Sustainability in design

Published:  May 31, 2011
Alison Copley
Sustainability in design

Where did the stock you’re printing on come from and how much energy was consumed for it to be made and transported to you? Can you make the job smaller so that you use less paper? Does it need to be printed at all? Do you ever ask yourself some of these questions while working on a design project? Considering ‘sustainability’ in design has risen in importance, with far more designers considering ‘ethical’ questions about their work.

In this vein, we caught up with freelance graphic designer, Sonja Meyer (who is currently studying sustainability part-time at Swinburne University in Melbourne) to share her views on and aims for sustainability in design.

What does sustainable design mean to you?
By working as a sustainable graphic designer, and offering a ‘green’ design solution to my clients where possible, I’m not only effectively creating a bit less waste or being more socially responsible, but I can wake up in the morning with peace of mind, knowing that what I do for an income is not directly contributing to our evidently disastrous future. If I wasn’t able to work sustainably in some way or another, I probably wouldn’t work.

Why do you think designers should adopt sustainable principles?
In the words of David B. Berman – “Designers have far more power than they realise: their creativity fuels the most efficient (and most destructive) tools of deception in human history. The same design that fuels mass over-consumption also holds the power to repair the world.”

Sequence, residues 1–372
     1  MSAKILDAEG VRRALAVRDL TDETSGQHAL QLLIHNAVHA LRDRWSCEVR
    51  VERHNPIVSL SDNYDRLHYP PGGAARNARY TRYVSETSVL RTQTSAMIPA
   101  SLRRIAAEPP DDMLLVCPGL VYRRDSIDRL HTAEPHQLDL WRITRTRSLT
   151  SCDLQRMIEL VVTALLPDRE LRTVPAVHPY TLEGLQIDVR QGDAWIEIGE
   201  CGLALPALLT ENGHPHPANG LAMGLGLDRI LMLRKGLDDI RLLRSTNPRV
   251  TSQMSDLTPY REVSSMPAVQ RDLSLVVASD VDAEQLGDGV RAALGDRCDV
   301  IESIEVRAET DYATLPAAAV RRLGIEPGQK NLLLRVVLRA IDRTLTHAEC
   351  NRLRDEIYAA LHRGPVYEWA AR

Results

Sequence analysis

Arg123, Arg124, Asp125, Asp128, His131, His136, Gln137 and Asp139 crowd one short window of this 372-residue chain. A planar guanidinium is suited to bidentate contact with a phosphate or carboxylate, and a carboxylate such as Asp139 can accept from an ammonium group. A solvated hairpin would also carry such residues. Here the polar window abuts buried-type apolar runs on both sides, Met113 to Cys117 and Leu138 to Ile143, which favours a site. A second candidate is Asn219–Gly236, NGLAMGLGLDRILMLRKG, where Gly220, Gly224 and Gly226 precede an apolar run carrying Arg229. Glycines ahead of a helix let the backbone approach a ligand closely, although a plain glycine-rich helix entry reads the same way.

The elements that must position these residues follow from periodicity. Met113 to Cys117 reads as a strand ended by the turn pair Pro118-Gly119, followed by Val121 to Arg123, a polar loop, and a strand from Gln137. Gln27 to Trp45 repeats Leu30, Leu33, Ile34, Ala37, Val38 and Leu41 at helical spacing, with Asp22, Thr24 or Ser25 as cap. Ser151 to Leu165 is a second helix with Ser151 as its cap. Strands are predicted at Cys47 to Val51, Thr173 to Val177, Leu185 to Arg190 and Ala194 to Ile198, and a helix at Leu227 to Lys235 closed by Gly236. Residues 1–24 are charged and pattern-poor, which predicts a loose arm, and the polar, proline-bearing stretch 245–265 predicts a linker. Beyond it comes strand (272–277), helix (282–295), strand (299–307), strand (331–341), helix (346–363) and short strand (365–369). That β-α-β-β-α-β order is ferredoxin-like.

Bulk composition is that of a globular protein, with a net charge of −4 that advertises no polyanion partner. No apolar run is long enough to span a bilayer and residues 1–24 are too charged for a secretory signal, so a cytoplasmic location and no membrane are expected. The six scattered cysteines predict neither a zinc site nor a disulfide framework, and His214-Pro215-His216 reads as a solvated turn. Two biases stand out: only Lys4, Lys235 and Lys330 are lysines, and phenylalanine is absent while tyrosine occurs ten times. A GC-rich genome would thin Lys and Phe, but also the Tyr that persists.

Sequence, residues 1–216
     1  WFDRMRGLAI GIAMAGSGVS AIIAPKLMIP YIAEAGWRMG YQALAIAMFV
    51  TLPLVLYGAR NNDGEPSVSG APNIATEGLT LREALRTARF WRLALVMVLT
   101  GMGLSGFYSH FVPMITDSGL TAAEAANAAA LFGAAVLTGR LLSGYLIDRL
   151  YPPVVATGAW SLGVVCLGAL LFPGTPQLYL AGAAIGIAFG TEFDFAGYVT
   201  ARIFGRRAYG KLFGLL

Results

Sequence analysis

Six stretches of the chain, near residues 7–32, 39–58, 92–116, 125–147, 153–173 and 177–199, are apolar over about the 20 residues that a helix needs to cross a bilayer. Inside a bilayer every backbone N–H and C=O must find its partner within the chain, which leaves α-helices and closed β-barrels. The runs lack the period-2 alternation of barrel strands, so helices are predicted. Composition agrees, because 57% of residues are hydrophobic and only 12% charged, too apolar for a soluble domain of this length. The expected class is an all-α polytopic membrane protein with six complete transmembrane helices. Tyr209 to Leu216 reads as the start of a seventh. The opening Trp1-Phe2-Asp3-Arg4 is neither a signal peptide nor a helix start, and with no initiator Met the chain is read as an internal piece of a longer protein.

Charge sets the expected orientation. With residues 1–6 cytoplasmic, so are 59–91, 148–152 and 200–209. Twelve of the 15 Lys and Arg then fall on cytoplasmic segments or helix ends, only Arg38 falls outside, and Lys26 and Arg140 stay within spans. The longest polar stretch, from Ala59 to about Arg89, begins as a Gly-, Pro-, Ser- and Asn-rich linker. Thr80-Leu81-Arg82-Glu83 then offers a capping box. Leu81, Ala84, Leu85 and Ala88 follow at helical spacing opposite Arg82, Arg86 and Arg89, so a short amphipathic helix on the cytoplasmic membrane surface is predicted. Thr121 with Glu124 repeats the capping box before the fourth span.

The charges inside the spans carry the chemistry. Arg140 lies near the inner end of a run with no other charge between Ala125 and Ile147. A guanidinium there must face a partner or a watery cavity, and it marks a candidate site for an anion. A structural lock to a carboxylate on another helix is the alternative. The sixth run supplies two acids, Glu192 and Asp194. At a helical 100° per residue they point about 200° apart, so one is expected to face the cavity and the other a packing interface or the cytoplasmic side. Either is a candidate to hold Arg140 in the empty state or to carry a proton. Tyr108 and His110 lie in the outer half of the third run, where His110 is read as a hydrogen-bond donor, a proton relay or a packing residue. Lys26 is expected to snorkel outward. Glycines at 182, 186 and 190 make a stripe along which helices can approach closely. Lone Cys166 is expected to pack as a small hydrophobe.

Graphic designers create all the advertisements and marketing pieces you see, without choice, hundreds of times on a daily basis. How this effects our social system is no secret, as most of us are now ingrained with this perpetual desire to just consume, waste, and consume some more in our ‘pursuit of happiness’.

If every graphic designer in the world make the decision to do only socially responsible work, and implement more sustainable practices into their design work, I believe we would see a complete global shift in the decisions made by consumers. Eco-products and sustainability would become completely mainstream, and maybe we really would have a chance to save all of the earth’s natural resources and ecosystems before it’s too late.

Image copyright elisfanclub.

Where does your interest in sustainable design stem from?
I guess it all started when I found myself creating an advertisement for something that I really just didn’t care about, or would never, ever buy. I remember feeling uninspired and wondering why I would want to take part in marketing a product that I thought was unnecessary and wasteful. I realised at that point that I never thought I would become someone who would contribute to mass consumerism, and especially not for personal gain. After this, there was no other option but to work out how to ‘design for good’.

After reading up on the subject I realised that I needed to do two things. The first was to adopt sustainable practices to use throughout the design process and learn how to think of the bigger picture.